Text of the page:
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It's time once again for the Scripps National Spelling Bee! Two hundred and eighty-one young spellers gathered near Washington, D.C. and sweated through the preliminary rounds yesterday. For the second year, those rounds included not just questions about the spelling of words but also their definitions. After all was said and done, 46 survived to advance to Thursday's semifinals.  Continue reading...
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The 2014 Spelling Bee Is Here!

It's time once again for the Scripps National Spelling Bee! The preliminaries are today, and the nationally televised semifinals and finals are tomorrow (May 29). As in past years, our own Ben Zimmer will be live-tweeting the competition from the @VocabularyCom Twitter account and reporting on the results here in his Word Routes column. In the meantime, catch up on our coverage of the format changes introduced last year that brought vocabulary questions into the mix: here and here.
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Many popular Internet memes rely on a usually predictable manipulation of language as a part of their humor. Examining a number of popular memes suggests that they all in fact rely on theme and variation in order to proliferate, and the linguistic aspect of the meme is integral to its ability to spawn siblings and offspring.  Continue reading...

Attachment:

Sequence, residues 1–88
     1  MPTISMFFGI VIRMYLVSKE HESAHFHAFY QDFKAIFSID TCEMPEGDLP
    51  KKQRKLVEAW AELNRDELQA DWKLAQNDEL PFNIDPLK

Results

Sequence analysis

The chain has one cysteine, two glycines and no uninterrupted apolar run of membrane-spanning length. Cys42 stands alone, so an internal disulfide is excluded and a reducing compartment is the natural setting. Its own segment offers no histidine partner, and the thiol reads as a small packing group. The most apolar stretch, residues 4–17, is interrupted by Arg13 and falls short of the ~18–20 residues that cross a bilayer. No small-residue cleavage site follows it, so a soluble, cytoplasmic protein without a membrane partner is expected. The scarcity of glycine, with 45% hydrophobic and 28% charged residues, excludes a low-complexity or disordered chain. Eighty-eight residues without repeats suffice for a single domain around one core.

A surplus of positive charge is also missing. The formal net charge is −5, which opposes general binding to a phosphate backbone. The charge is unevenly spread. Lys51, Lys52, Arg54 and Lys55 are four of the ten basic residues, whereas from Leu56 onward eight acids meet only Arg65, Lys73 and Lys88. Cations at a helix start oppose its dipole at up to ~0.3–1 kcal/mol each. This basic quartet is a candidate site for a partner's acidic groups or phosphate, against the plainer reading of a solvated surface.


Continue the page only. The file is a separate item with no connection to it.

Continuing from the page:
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Once upon a time, fellas, gentleman, and guys roamed the land. Eventually, we become dudes. Unfortunately, many of us became bros. Bro is also a staple of word-making. Based on sheer prolificness, bro may be the affix of the decade.  Continue reading...
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As I was searching Twitter while writing last month's column on bae, I occasionally found tweets saying things like, "Gonna turn up tonight with my bae!" Now why would someone find it newsworthy to announce that they were simply going to appear somewhere? Of course, not everything people tweet is newsworthy, but still, why such excitement over simply showing up?  Continue reading...
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It's William Shakespeare's 450th birthday today. What better way to celebrate than with a whole host of learning resources focused on his words?  Continue reading...
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How ALL CAPS Became Code for YELLING

Ever wonder why we think that someone who types a message in all capitalized letters appears to be YELLING? In The New Republic, Alice Robb digs deep into the roots of how the ALL CAPS style has been interpreted in the Internet era (with some help from our own Ben Zimmer in the digital archaeology department), and explains why excessive capitalization is bad netiquette. Read her piece here.
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1 2 3 4 5 Displaying 8-14 of 367 Articles